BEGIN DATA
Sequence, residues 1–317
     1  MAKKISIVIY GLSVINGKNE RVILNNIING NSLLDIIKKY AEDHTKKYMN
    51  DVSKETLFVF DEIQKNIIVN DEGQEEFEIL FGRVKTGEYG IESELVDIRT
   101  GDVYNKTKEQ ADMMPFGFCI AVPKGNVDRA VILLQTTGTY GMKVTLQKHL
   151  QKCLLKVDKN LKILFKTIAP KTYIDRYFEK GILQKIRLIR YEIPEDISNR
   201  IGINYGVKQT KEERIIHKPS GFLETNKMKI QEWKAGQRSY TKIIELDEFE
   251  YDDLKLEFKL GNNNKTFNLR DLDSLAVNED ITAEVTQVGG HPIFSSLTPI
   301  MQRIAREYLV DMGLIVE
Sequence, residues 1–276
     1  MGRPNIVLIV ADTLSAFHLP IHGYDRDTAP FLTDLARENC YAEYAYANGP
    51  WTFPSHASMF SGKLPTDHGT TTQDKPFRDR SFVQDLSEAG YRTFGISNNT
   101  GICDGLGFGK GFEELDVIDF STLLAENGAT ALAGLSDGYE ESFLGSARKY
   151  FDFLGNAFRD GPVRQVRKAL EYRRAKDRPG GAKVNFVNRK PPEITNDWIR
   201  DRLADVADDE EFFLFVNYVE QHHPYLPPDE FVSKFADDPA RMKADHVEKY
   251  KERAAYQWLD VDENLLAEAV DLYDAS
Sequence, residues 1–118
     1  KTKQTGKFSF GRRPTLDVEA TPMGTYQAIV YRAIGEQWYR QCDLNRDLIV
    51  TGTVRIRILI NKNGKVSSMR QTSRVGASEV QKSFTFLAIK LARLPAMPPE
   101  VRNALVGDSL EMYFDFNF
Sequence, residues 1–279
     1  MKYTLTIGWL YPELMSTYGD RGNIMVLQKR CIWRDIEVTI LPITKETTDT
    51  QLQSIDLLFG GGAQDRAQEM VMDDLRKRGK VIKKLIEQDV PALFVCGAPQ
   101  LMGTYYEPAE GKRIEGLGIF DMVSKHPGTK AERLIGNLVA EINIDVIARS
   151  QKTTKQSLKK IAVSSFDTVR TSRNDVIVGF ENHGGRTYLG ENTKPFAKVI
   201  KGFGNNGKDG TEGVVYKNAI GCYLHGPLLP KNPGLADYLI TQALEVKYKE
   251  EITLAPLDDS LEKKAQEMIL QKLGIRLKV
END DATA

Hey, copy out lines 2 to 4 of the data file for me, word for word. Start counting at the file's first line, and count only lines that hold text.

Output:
     1  MAKKISIVIY GLSVINGKNE RVILNNIING NSLLDIIKKY AEDHTKKYMN
    51  DVSKETLFVF DEIQKNIIVN DEGQEEFEIL FGRVKTGEYG IESELVDIRT
   101  GDVYNKTKEQ ADMMPFGFCI AVPKGNVDRA VILLQTTGTY GMKVTLQKHL